The News & Record
South Boston News & Record
and Mecklenburg Sun
Home   •   News   •   Sports   •   Classifieds   •   Community   •   Health   •   Entertainment   •   Obituaries   •   Opinions   •   Weather
Advertising | Contact | Register
Advanced Search
News

Move over, Mississippi: cotton crop takes root in Southside Virginia

Compared to Southside Virginia’s big cash crop in tobacco, King Cotton is, well, kind of puny.

Stolen guns found at Clarksville area home

Clarksville Council mulls response to feral cats amid rabies reports

In light of the Clarksville’s recent rabies scare, members of the Town Council again discussed what to do, if anything, with the people who feed the feral cat populations around…

Sports

Owen commits to continue softball playing career at Averett University


Community


Opinion


A&E

News

50 years for Sydnor Jennings Elementary

SoVaNow.com / June 13, 2013
Acreage donated by descendants of the highly successful son of a formerly enslaved woman today boasts a lively elementary school with nearly 270 students, said David Duffer, principal of the 50-year-old Sydnor Jennings Elementary.

At each month’s meeting, the Halifax County School Board invites a different school to make a presentation about itself; Monday night was the Volens school’s turn.

Sydnor Johnston Jennings was born in 1864 and worked as a sharecropper before coming into his own as a successful businessman who owned three farms. Duffer said he believes Jennings first donated land for a small school, the Green Valley School across the road. After his death in 1940, his family donated land for the larger school would open in the fall of 1962, prior to integration, for African-American children in the northern part of the county, combining smaller schools, including Green Valley.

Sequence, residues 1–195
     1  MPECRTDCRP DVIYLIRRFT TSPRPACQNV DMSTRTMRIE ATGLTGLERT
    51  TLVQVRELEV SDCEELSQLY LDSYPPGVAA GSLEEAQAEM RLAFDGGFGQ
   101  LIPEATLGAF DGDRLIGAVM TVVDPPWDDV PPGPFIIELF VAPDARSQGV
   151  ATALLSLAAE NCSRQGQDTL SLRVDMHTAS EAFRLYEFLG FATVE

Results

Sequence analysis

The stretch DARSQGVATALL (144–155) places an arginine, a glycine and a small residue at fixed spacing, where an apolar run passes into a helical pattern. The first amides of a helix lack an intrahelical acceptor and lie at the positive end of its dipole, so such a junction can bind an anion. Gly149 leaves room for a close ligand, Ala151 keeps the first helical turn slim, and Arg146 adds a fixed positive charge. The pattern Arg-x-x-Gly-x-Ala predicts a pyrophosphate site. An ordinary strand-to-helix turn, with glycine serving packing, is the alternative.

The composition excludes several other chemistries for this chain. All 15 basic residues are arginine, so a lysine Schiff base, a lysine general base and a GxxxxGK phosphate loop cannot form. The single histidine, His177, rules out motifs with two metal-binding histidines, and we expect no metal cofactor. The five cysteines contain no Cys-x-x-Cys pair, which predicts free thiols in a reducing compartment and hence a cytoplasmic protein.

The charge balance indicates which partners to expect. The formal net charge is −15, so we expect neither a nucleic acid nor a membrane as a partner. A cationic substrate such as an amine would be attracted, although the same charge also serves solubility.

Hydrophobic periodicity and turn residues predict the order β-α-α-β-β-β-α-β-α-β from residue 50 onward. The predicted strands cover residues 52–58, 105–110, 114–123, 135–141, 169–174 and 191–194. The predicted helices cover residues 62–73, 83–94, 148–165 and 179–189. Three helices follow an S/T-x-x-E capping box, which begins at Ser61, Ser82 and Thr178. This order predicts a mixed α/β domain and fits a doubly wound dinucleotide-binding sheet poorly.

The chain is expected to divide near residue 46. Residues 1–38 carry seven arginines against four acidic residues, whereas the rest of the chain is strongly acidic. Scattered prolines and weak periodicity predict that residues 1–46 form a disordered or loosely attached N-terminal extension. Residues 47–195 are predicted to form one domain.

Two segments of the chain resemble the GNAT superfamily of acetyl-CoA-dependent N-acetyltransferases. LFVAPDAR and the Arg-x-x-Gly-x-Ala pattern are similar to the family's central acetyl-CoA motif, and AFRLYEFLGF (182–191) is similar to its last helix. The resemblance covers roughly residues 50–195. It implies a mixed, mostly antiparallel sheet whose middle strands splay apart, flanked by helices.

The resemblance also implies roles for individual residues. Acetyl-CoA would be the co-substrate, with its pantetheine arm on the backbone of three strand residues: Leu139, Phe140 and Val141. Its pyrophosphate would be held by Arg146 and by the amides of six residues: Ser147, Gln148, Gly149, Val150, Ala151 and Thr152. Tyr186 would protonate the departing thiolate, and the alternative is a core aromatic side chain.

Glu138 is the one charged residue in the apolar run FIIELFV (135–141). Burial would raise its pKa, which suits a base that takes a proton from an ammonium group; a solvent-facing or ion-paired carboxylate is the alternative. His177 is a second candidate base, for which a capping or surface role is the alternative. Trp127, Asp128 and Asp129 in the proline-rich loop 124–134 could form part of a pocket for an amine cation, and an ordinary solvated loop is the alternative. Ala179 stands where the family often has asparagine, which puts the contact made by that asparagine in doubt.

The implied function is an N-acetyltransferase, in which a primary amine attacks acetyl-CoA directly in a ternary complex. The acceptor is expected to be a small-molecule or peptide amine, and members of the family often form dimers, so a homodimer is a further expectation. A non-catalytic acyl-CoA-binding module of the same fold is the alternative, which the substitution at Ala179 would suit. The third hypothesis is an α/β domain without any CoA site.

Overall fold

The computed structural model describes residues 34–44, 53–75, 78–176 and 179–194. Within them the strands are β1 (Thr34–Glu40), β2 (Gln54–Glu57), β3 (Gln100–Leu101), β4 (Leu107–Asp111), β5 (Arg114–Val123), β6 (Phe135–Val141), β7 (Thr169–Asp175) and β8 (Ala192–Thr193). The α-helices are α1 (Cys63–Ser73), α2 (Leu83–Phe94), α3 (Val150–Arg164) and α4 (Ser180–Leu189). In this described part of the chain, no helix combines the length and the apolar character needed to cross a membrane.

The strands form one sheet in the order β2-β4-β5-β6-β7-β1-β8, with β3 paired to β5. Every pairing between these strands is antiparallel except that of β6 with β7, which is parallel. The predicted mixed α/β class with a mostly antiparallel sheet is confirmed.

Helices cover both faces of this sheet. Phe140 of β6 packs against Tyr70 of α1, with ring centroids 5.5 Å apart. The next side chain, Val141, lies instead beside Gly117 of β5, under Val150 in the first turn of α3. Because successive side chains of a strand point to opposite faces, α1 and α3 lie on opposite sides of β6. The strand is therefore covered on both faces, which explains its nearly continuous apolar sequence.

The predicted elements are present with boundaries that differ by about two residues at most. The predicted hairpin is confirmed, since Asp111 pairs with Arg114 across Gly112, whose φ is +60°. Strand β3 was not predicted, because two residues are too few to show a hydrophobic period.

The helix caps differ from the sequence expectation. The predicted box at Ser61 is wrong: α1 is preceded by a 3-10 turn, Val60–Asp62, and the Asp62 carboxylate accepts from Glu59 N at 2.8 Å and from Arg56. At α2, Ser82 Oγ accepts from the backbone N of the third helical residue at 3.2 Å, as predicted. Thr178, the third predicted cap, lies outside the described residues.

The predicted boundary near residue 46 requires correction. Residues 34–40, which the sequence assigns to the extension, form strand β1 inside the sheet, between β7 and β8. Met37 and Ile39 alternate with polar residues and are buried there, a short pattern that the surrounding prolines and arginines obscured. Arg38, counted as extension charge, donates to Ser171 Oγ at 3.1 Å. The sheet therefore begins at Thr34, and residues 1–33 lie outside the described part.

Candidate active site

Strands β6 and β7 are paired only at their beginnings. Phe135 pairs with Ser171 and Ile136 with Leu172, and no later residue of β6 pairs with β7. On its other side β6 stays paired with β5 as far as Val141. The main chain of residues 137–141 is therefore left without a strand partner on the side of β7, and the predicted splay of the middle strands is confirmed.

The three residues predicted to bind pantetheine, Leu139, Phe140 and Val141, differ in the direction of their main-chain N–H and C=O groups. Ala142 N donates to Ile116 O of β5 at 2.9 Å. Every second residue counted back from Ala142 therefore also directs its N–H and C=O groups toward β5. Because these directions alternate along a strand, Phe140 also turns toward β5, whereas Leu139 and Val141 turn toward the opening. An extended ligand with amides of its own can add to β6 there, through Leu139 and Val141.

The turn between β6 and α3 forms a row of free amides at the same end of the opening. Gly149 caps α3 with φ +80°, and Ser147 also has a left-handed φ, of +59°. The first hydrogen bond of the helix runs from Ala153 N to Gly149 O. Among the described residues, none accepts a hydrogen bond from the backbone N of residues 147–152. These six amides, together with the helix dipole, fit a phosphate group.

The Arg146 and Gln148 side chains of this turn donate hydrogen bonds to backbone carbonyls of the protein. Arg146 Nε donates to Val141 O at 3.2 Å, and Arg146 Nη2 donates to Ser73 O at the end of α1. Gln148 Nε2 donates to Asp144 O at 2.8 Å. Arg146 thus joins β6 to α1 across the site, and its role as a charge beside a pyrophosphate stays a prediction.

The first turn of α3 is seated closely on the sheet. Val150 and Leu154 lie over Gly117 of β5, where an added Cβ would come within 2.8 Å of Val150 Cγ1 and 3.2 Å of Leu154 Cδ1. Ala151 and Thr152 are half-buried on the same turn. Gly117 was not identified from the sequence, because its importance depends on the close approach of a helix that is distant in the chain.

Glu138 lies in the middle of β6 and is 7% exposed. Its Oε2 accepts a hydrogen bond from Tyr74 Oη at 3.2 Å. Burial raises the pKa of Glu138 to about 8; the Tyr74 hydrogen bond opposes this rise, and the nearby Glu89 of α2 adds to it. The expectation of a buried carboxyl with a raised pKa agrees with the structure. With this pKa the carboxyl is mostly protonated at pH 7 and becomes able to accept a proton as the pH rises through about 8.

(Green Valley, which burned in 2011, was one of the nearly 5,000 Rosenwald Schools, partially built with money from the president of Sears, Roebuck and Co. used to plant schools for African-Americans across the South in the early 20th century.)

The new school was initially headed by Lazarus Bates, and it bore Jennings’ name.

Duffer said many of Jennings’ descendants became educators. Among them is La Vinia Delois Jennings, an English professor at the University of Tennessee, who dedicated her award-winning book “Toni Morrison and the Idea of Africa” to her Volens ancestor.

The name “Sydnor Jennings,” then, Duffer noted, does not refer to separate people but to one man.

The school and its heritage aren’t of interest only to locals but also have piqued the curiosity of others, including Philip J. Merrill, a specialist in African-American history and material culture and an appraiser on the television program “Antiques Roadshow.”

Sydnor Jennings’ student body today is about 50 percent black.

It has an active PTO, a walking trail established by the PTO and a community partner in nearby Childrey Baptist Church. Its students and staff have raised money for tornado victims in Oklahoma, collected pet food for the Humane Society and helped defray the health expenses of a student. Some staff accompanied Duffer to the meeting.

Tell-a-Friend | Submit a Comment

1075

Sports Coverage

See complete sports coverage for Halifax and Mecklenburg counties.